dinner tonight!”

Not only can these statements be said with an attitude of disrespect, but they also reflect a lack of cooperation and communication.  We desire harmony in our homes.  But we have all been there, right?  It seems that the right hand doesn’t know what the left is often doing in family life.  This final tip is a useful skill for children to learn and will lead to an increase in family communication and peaceful living.  As single parents, family meetings are the best parenting approach you can implement to increase communication and cooperation.  We are family!

Family Meetings

Family meetings combine both respect and communication habits and will enable cooperation to be the norm in your family. Gathering around the table or in the living room to talk about what the family has going on that week or may want to plan for the next season of life is a valuable time to unify and also get to know what is going on inside the hearts and minds of each other.  Your meeting can be combined with a fun activity like a game, a movie night, or a special meal. 

10 Guidelines for Great Family Meetings

Here are some general guidelines for your first meeting:

1.    Decide in advance what time and how long the meeting will last so that everyone can be there.

2.    Incorporate fun!  This time is not work, school, or punishment.

3.    Be
consistence.  Don’t give up even if you
aren’t successful the first few times. 

4.    Provide everyone with some ideas on what will be the topic and also give them with some time to bring up some of their own issues to be discussed. You could put a meeting agenda on the refrigerator and ask everyone to add a topic before the meeting.  (Examples:  new school schedules, celebrate accomplishments, household duties, summer vacation, problems with a sibling)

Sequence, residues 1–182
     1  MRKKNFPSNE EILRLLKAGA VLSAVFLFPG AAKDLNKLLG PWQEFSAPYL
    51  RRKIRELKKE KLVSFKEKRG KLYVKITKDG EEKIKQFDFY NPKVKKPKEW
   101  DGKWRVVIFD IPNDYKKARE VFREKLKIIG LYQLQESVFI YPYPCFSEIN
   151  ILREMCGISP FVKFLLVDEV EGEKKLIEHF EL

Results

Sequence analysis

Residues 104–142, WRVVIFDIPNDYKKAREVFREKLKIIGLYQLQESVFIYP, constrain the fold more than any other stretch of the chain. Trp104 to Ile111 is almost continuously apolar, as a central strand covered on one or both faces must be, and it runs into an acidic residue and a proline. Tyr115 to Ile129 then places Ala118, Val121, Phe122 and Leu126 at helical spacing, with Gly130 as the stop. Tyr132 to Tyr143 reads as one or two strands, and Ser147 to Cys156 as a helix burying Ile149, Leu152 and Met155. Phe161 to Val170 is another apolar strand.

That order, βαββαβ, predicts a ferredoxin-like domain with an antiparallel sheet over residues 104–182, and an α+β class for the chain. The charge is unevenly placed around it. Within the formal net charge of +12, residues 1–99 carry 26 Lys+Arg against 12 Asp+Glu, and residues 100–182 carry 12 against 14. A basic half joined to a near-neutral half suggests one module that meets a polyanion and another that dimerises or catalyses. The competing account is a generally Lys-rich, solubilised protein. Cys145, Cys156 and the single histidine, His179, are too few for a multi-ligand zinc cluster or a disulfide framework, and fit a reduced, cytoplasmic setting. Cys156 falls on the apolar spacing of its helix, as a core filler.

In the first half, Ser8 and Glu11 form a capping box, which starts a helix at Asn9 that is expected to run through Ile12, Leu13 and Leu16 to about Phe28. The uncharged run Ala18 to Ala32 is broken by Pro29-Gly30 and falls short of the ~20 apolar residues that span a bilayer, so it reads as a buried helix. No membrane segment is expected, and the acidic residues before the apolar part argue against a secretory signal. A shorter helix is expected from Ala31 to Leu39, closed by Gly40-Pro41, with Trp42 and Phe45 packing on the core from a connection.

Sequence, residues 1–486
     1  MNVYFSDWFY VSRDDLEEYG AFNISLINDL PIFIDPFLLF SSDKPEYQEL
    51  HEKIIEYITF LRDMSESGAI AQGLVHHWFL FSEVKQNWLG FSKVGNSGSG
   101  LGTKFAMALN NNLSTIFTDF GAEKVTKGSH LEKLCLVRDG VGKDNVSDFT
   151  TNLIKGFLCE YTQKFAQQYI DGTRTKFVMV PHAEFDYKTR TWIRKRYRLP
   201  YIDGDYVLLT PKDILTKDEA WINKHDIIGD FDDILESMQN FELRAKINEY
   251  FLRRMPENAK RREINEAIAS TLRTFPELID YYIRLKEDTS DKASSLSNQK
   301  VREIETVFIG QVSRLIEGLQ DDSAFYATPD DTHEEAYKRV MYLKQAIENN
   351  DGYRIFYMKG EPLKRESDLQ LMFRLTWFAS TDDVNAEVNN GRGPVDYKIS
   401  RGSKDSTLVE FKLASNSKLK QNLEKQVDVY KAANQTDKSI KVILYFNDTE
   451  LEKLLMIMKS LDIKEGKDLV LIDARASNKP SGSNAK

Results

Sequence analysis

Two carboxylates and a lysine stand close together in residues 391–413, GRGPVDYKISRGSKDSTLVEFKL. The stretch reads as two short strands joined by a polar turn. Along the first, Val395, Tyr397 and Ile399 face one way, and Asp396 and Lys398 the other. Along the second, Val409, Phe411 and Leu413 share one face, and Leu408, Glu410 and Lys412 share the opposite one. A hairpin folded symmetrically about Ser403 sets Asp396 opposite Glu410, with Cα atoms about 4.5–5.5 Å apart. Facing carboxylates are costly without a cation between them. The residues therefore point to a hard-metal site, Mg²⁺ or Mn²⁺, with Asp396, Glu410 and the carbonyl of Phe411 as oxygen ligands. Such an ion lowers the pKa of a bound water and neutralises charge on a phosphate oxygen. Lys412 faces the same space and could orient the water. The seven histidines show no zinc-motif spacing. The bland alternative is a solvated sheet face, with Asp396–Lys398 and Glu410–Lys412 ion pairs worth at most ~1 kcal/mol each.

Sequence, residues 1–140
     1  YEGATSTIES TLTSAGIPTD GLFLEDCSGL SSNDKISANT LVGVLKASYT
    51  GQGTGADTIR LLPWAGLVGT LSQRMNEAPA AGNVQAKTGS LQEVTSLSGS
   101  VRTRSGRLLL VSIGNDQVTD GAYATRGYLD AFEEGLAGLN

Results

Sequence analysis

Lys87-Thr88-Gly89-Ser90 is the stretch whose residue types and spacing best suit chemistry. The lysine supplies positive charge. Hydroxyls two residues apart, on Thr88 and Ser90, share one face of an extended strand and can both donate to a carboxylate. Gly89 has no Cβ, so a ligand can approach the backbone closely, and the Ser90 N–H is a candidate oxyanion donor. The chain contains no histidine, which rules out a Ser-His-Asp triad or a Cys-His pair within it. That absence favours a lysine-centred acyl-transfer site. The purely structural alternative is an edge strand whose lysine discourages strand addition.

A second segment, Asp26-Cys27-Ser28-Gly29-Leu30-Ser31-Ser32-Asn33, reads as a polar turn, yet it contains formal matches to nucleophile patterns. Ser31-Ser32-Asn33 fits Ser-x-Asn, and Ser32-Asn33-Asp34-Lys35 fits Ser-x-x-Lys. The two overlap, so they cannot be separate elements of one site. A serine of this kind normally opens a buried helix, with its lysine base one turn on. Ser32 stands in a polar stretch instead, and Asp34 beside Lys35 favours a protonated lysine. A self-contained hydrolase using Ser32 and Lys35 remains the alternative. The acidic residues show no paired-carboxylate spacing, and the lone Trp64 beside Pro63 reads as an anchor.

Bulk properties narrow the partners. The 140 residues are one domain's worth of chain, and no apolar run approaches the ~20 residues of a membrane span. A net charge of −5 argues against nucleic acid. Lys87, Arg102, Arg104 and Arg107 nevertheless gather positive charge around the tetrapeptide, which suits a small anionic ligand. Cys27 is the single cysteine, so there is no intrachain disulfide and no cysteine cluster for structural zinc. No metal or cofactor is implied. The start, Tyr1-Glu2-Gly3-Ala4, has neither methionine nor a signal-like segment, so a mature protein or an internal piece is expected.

5.    Don’t force attendance.  Teens are usually the first to bulk. In time, the fun and the decisions made in these meetings will draw all in!

6.    Before the meeting begins, take some time to give some procedures, i.e., mutual respect, everyone gets a turn to speak, time frame, etc.

7.    Start with
appreciation!  Even if it is just them
being there!  This would be a great time
to ask each other what they were thankful for today or throughout the week.

8.    Everyone is
allowed to give their opinion and or ideas about each topic being
discussed.  This could look like a
brainstorming 5 minutes where nothing is thrown out until the time is up.  Write down every thought and then rule out an
idea that is not useful, helpful or respectful. 
This is a time of connection and also supporting each other with
problems. 

9.    Follow up the
time of discussing issues with a time of encouragement.  Confidence in each other’s ability to handle
problems builds self-esteem, courage, and family connection.

10.    Add some fun to
the meeting by having popcorn, getting a movie to watch afterward or having a
reward presentation for the funniest suggestion, most polite child, or best
attitude.

The Rewards

Family meetings may seem odd to some, but I hope you will give it a try.  Research has shown it to be highly effective for family connection, communication, and cooperation. Consistent meetings will provide your family with quality time together, opportunities to bring up concerns thereby giving them a voice.  As your family gets comfortable with these gatherings, perhaps hand off the leadership to one of the older members so that they can develop their leadership skills, courage, and communication skills.

Here are several websites that may help you fine tune your
family meetings to fit your style.

https://www.ahaparenting.com/parenting-tools/family-life/family-meetings

https://www.positivediscipline.com/articles/family-meetings

https://www.psychologytoday.com/us/blog/emotional-fitness/201209/10-tips-holding-family-meeting

http://blog.positivediscipline.com/2012/01/family-meetings.html

Step 2 of 3 for Gaining Your Child’s Cooperation